The Punisher returns to comic store shelves in a new series by writer Becky Cloonan (Gotham Academy) and veteran Punisher artist Steve Dillion. In this new series, a drug is making its way to the streets, and it’s turning regular people into invulnerable, violent psychopaths. Sounds like just the kind of thing Frank Castle needs to look into.
A shady organization named Condor has set up a drug lab in a warehouse in Brooklyn. A high-ranking member of the group, known only as The Face, has put an old military veteran, Olaf, in charge of making sure their product makes it to the streets. Unbeknownst to Condor, the DEA is on to them and have the warehouse under surveillance, but the Punisher may just beat them to punch when it comes to taking Condor down.
Fans of the Punisher: MAX series written by Garth Ennis, and continued by Jason Aaron, may see this first issue of The Punisher as a welcome return. It is difficult not to immediately make the connection when the book is being drawn by Steve “I drew most of Punisher: MAX” Dillion, but it is obvious that Becky Cloonan wanted to recapture the magic of MAX during her turn as writer. The first issue follows Ennis’s playbook to a T. “The Punisher is making life difficult for a law enforcement agency as he brutally kills his way up the chain of a street crime organization being run by a disturbingly unhinged individual.” This is the version of the Punisher that relaunched the character in the early 2000s, as well as the one that usually comes to mind when the character is mentioned. Sadly, the character has had a chance to evolve since then, and this series chooses to ignore that.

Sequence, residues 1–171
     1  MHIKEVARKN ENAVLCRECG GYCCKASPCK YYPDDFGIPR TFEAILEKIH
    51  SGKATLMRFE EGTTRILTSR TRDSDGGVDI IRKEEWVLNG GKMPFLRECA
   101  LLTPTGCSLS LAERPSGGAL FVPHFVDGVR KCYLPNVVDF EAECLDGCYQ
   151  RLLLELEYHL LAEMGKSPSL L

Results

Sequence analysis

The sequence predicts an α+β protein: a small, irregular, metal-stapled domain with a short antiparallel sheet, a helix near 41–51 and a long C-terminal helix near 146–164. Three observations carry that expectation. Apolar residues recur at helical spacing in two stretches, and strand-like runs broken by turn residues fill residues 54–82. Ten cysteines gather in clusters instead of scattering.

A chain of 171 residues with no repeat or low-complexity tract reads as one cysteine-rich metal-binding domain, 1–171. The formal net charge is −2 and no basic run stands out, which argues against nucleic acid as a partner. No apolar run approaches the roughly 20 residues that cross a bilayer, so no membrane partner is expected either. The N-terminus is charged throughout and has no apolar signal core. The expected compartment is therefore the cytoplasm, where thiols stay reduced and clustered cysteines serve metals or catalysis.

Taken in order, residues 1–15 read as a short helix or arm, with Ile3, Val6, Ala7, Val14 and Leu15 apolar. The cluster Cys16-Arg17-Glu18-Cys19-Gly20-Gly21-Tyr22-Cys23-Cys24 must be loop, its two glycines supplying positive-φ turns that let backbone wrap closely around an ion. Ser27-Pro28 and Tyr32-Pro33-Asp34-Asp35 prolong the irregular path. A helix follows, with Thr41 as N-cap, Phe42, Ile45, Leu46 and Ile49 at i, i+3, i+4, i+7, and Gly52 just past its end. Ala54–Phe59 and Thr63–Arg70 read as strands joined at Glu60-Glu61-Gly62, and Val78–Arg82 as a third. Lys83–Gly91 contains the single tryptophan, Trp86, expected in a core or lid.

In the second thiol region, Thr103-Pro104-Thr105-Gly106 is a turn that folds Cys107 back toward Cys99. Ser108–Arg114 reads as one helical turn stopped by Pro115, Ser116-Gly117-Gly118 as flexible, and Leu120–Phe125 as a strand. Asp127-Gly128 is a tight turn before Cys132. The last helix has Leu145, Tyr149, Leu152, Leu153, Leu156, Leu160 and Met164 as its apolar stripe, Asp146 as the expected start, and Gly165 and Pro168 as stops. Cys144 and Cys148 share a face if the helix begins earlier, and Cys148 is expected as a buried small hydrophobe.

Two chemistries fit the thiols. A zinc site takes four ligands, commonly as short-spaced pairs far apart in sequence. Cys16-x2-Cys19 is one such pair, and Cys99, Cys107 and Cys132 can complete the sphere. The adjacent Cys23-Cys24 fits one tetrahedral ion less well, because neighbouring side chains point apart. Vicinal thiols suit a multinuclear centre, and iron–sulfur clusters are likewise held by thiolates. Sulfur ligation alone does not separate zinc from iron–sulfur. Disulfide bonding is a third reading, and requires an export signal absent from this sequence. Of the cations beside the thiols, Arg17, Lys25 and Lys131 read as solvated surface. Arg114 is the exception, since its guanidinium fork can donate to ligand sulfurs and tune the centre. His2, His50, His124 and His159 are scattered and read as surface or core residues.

Don’t get me wrong, I enjoyed Punisher: MAX, and I know Jon Bernthal based a lot of his portrayal on Daredevil on Ennis comics. Bernthal, however, found a way to blend the “Frank the Tank” version of the Punisher seen throughout Punisher: MAX and the more realistic Marine operator that writers like Greg Rucka and Nathan Edmondson offered in their stories. At the moment, it looks like Cloonan plans to send Frank back into the more-bullets-than-brains territory.
A tough thing with comics is that judging a series based on one issue is similar to basing your feeling of an entire television show on one episode. Some shows have weak episodes, and some comics have weak issues. Sadly, a weak first issue does not bode well for a series. The first issue is meant to hook a reader in and make them want more, which I sadly did not feel with this issue. Steve Dillion has fallen right back into a comfortable paint-by-numbers style with the art, having done Punisher art for near a decade now, and Cloonan does her best Ennis impression in the writing. These factors cause the book to feel a lot more like a chance to capitalize on the success the Punisher saw on Netflix’s Daredevil, and less like a fresh start with a new series, which so many other titles were given after the Secret Wars event. Hopefully this opening is merely a stumble out of the gate for the series to come.
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Art images and art work belong to Marvel Comics